Development in military robotics continues, with the U.S. Navy's new spy drone designed to look and swim like a fish.

Created under the Silent NEMO project, the robot, called GhostSwimmer, appears to be about the same size as an albacore tuna fish, measuring five feet in length and weighing 100 pounds, according to The Daily Caller. The robot, which can be controlled with a laptop, is able to move through water like an actual fish thanks to its tail, which mimics the movements of its real life counterpart.

The Navy is focused on creating drones that copy sea life so they can remain undetected while carrying out missions.

"This is an attempt to take thousands of years of evolution- what has been perfected since the dawn of time- and try to incorporate that into a mechanical device," said Jerry Lademan, project lead, who worked on the machine at Joint Expeditionary Base Little Creek-Fort Story.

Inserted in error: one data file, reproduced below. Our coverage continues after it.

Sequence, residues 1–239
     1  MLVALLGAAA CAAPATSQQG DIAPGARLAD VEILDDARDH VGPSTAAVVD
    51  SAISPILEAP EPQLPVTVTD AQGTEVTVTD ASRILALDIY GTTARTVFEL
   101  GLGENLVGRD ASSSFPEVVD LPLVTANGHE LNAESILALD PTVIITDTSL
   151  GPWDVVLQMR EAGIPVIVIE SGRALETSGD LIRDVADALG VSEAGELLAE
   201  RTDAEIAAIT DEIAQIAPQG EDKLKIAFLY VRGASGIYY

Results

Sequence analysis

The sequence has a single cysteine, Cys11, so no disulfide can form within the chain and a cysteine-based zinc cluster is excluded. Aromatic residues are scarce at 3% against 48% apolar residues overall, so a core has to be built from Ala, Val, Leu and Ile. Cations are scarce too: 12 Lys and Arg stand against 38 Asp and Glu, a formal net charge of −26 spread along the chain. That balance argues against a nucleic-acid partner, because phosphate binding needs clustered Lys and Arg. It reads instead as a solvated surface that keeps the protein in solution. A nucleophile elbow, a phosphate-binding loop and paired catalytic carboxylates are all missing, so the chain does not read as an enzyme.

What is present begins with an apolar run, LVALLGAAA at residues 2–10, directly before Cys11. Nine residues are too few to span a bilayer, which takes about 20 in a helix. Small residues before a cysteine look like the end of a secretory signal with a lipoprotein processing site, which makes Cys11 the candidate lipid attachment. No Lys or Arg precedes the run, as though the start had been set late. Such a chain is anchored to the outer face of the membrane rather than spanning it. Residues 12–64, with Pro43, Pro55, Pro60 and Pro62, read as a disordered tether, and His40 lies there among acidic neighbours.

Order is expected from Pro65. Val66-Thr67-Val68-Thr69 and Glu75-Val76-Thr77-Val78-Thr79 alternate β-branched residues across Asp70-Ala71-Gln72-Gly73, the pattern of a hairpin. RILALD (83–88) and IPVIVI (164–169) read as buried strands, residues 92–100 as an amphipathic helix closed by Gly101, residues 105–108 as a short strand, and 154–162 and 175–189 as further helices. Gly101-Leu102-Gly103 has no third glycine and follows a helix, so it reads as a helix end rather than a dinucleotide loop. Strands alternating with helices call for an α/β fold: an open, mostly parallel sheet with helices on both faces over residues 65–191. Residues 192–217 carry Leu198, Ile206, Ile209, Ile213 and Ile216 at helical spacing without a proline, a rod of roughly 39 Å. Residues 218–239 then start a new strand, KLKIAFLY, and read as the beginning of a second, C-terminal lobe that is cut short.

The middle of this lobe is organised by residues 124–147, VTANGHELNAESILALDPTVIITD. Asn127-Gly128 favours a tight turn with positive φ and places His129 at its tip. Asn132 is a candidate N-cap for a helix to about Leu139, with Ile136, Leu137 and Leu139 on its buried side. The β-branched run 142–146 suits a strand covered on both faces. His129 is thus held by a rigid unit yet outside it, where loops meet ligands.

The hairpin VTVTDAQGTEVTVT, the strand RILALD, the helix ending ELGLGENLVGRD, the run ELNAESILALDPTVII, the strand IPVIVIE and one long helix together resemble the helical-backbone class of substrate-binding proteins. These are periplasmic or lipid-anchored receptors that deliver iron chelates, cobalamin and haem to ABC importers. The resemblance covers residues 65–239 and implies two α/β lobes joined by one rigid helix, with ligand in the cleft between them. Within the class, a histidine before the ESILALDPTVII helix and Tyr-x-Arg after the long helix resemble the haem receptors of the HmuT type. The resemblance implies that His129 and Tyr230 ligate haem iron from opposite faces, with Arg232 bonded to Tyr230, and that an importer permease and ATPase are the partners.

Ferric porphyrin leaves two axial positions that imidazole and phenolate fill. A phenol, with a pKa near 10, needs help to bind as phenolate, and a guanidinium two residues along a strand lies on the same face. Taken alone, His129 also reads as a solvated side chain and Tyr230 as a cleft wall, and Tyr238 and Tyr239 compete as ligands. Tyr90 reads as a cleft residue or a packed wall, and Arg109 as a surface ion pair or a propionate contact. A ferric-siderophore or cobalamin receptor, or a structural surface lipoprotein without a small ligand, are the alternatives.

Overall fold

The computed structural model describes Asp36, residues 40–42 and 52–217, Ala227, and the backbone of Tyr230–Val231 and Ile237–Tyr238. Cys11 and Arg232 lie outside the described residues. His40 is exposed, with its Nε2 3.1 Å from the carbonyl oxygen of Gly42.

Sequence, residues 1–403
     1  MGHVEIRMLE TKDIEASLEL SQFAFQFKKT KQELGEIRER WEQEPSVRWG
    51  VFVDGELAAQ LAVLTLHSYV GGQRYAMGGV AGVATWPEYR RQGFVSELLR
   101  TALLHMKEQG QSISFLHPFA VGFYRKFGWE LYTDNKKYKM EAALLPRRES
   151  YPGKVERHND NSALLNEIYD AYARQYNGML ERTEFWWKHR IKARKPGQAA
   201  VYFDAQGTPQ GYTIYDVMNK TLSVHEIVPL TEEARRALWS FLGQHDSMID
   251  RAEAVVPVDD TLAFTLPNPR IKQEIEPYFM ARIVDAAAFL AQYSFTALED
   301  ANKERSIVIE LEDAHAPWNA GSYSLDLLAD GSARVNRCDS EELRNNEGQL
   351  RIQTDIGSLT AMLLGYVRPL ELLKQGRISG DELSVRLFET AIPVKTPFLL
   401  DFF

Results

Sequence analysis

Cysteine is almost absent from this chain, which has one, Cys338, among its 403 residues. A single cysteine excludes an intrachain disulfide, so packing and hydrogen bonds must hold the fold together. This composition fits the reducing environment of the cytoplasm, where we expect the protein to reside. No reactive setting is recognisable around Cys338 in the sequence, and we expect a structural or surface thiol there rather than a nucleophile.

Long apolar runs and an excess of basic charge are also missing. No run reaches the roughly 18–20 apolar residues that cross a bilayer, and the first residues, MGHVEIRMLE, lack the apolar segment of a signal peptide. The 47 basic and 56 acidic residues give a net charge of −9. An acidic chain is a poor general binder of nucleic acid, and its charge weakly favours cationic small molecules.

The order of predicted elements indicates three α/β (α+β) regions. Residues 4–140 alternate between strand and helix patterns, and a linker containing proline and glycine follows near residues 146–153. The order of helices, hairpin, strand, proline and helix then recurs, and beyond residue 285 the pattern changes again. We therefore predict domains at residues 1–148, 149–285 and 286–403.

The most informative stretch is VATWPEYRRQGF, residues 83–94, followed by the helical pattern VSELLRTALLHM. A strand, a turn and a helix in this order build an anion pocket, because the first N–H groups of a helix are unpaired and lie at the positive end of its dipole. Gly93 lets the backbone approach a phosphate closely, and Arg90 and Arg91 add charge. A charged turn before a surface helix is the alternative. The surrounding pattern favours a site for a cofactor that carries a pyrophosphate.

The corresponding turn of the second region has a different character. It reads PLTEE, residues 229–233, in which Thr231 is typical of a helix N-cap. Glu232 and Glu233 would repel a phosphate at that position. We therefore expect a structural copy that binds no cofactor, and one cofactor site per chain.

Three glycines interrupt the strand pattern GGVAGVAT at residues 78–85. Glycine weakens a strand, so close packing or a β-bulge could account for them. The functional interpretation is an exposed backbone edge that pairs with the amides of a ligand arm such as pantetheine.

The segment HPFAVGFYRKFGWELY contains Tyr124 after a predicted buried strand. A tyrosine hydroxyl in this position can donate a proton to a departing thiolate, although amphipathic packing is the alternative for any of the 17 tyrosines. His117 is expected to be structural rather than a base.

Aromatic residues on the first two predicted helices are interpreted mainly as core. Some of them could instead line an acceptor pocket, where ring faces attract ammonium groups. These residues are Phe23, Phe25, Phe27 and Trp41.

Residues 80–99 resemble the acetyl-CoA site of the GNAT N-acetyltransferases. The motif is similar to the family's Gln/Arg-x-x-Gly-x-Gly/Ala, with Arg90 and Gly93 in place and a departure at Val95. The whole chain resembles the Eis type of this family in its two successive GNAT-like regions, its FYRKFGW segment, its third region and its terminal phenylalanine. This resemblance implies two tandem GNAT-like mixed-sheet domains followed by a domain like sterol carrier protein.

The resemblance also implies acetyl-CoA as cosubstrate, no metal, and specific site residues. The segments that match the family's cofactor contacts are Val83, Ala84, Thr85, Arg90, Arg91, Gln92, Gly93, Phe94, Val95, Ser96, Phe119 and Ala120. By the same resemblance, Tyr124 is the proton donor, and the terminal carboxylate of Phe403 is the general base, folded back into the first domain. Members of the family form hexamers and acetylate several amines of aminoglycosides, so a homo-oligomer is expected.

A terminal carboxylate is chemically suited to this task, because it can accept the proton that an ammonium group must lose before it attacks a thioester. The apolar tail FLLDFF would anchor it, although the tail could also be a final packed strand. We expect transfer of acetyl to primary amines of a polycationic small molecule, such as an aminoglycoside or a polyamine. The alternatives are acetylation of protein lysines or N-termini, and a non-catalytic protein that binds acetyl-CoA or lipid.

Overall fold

From a distance, the GhostSwimmer looks like a shark, and it is able to operate in water as shallow as 10 inches or dive 300 feet below the water's surface, Wired reported.

Potential uses for the robofish range from small tasks, like inspecting hulls in ship, to missions for intelligence, surveillance and reconnaissance. The drone can also replace the bottlenose dolphins and sea lions the Navy currently uses to find underwater mines and recover equipment, which animal lovers would certainly enjoy.

The Navy finished its most recent round of testing on Dec. 11 and plans on conducting more in the future so they can send these fish drones on real missions, The Daily Caller reported.

"We want to see projects like this replicated throughout the fleet," said Capt. Jim Loper, department head for Concepts and Innovation at the Navy Warfare Development Command. "The fusion of the deckplate brainpower with support of the most senior leadership in the Navy is going to keep us moving forward through the 21st century."

The GhostSwimmer is only the latest robot designed to mimic the skills of animals, Wired reported. Previous creations include the "Cheetah," which can run up to 30 miles per hour, the iSprawl, a cockroach-inspired machine that can cover 7.5 feet in one second, and the Stickybot, which mimics a gecko's climbing ability.

The Department of Homeland Security is also funding development of BIOSwimmer, a smaller robot that has similar functions as GhostSwimmer, making it somewhat of a little brother.